The first thing we did was minimise the risks of election manipulation. During elections fraud is not permissible and we understand that. To this end we normalised early voting procedures and the use of absentee ballots (representatives of our opposition parties repeatedly drew my attention to the subject); for such [illegal] manipulations with absentee ballots criminal penalties have been introduced. The most flagrant violations occurred in this very field.
”Political reforms should not result in chaos and the paralysis of democratic institutions; they must strengthen, not destroy, democracy. Reforms must be gradual, but steady.“
Besides, we reduced the human factor in vote counting, and we will reduce it further. Already this year, electronic devices will be installed in approximately five percent of polling locations (it is an expensive undertaking), by 2012 the figure will be 15 percent and in 2015, 100 percent – but it will bring our electoral system up-to-date. The result of our efforts is worth the money spent. I hope that, ultimately, all taxpayers will appreciate this.
Second. All parties are now guaranteed equal access to state-run media at both the federal and regional levels, which was another regular request to me by representatives of opposition parties. Electoral commissions must monitor the implementation of these guarantees. More so, equality should not be a mere declaration, as it used to be, but real, as measured in hours, minutes and even seconds of airtime. Parties should also benefit from equal rights to use various premises for meetings and campaigning. These rights have also been much debated.
Third. Parties that win majority in regional parliaments now have the exclusive right to propose candidates for governors – that is, for heads of regions, territories or republics – to the President. In this way, the majority of the electorate has the opportunity to participate in the formation of executive power in its region via the party it supports. Ultimately, it is the party for which you vote that proposes a gubernatorial candidates to the President. Therefore the rights of the majority of the population have received concrete substance, consisting in the right to form local executive authorities.
Fourth. A number of measures to protect minority rights have been taken too. In addition to the equal media access that I just mentioned, the opposition is guaranteed certain senior positions in regional parliaments. The number of signatures of party supporters required for registering to participate in elections has been reduced.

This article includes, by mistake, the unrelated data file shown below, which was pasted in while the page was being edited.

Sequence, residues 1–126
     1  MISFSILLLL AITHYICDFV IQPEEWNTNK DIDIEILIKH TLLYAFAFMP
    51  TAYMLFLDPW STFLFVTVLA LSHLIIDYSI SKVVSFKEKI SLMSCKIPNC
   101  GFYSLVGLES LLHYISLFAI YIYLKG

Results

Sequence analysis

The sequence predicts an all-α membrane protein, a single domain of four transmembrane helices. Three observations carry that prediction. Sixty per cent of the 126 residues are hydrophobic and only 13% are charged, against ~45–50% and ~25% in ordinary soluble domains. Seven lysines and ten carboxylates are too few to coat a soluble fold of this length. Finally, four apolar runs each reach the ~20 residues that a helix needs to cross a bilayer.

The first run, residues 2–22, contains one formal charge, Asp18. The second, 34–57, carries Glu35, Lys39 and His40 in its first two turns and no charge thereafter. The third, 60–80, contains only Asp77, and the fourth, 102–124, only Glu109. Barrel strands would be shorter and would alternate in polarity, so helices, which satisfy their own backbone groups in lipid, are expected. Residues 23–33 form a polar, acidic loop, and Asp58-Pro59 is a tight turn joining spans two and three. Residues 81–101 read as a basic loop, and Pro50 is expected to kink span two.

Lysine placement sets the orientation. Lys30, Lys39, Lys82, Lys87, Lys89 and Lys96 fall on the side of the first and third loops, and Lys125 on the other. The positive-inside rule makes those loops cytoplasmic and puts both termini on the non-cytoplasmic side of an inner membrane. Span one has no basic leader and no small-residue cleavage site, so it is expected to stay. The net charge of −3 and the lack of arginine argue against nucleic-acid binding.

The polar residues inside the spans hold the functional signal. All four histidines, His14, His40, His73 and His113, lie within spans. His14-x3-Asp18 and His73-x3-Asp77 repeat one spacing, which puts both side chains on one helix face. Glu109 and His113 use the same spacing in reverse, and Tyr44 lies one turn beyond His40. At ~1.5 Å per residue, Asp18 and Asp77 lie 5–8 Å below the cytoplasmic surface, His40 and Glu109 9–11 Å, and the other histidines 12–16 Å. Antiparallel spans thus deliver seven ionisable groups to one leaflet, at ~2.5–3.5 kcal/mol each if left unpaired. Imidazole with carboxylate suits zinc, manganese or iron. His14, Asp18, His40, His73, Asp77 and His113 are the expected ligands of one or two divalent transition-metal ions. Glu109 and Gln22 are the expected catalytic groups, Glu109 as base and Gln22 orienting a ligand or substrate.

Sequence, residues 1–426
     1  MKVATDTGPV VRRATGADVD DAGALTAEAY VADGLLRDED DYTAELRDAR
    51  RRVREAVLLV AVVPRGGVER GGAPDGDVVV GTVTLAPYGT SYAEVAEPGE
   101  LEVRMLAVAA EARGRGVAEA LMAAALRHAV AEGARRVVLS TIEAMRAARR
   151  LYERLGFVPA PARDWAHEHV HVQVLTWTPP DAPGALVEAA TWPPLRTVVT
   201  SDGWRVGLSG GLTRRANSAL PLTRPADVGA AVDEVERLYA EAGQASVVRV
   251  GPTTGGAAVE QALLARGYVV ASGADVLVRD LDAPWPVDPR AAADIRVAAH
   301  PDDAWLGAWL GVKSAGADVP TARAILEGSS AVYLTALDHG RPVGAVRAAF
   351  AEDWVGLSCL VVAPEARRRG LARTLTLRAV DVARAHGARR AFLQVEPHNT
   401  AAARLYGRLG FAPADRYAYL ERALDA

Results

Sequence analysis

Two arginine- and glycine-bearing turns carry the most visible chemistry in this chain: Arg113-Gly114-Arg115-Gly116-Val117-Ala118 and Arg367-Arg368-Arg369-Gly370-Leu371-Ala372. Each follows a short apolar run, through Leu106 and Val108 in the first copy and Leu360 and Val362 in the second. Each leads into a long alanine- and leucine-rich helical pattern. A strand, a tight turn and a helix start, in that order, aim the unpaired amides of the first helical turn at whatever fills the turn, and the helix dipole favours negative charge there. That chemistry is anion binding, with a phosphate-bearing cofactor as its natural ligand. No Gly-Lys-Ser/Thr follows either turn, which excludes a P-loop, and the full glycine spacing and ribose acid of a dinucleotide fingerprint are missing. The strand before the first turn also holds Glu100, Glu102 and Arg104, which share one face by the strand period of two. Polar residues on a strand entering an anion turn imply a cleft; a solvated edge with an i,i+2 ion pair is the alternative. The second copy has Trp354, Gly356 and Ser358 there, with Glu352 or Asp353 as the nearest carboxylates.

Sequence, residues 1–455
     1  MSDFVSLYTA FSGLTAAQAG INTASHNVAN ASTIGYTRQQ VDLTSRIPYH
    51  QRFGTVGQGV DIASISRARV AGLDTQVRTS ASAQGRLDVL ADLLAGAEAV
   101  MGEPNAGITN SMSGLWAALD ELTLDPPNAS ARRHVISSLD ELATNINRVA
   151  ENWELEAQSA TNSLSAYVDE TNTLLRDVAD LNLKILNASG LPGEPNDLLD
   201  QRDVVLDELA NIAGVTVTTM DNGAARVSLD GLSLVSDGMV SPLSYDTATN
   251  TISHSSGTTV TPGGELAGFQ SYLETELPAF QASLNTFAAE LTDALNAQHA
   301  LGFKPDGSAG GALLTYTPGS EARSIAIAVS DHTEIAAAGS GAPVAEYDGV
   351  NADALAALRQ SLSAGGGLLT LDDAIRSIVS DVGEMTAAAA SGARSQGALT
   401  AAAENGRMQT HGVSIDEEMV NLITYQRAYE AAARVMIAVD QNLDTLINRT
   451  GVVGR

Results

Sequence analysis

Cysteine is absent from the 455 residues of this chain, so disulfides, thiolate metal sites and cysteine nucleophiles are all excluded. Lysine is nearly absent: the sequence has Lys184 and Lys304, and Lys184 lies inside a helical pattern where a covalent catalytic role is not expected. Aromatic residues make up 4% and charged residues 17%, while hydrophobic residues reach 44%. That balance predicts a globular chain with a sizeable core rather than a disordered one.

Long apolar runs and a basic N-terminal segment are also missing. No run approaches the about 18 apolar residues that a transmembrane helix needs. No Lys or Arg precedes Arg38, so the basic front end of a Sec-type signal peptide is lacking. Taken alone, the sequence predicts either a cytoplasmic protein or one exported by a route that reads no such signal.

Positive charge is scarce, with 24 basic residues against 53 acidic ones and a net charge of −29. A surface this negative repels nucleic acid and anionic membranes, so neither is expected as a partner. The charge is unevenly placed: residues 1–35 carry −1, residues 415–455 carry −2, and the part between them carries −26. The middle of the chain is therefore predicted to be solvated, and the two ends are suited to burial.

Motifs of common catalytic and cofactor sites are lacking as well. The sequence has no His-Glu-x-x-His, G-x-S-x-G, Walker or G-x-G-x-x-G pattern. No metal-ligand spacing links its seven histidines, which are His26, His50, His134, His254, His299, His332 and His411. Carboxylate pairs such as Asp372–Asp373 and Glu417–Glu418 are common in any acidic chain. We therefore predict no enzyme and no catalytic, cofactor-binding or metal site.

In practice, the threshold for allowing party representatives into all levels of parliament has been lowered to five percent. In general votes should not be wasted – those parties who scored more than five but less than seven percent must be represented. And we shall not stop there but rather continue to improve this institution and expand these opportunities.
Fifth. Our regions were ordered to harmonise the proportional numbers of their representative bodies, because in Russia one region, a small region for example, might have one deputy representing 10,000 people while in another region one deputy represents 300,000 voters. This is not proportional. In addition, too many deputies are too expensive for local budgets. But too few deputies means that it is very difficult to take into account the different views of voters. I hope that we have found a balance at present.
We changed the principles of regional representation in the Federation Council. Now a member of the upper house must be a deputy who has been elected to regional or local bodies, in other words, a member of our upper house of parliament, the Federation Council, must be a person elected by local residents who know who he is, know him well, while he, in turn, knows their needs and their problems.
I hope that our political system has been improved quite significantly as a result of these adjustments. I am absolutely sure that it has become more open and flexible because of them. Ultimately, it has also become more fair. Regional elections that were held in October proved that complaints were far less than, say, six months ago. Both the public and opposition parties were more composed and calmer in their evaluation of the election results.
Of course we heard some criticisms and that’s fine, it’s as it should be. Still, there was less criticism and this is encouraging.
And one more point I made not long ago. Our democracy is imperfect and we are absolutely aware of this. But we are still at the beginning of the road. The most important thing is that we are not standing still: we are going forward.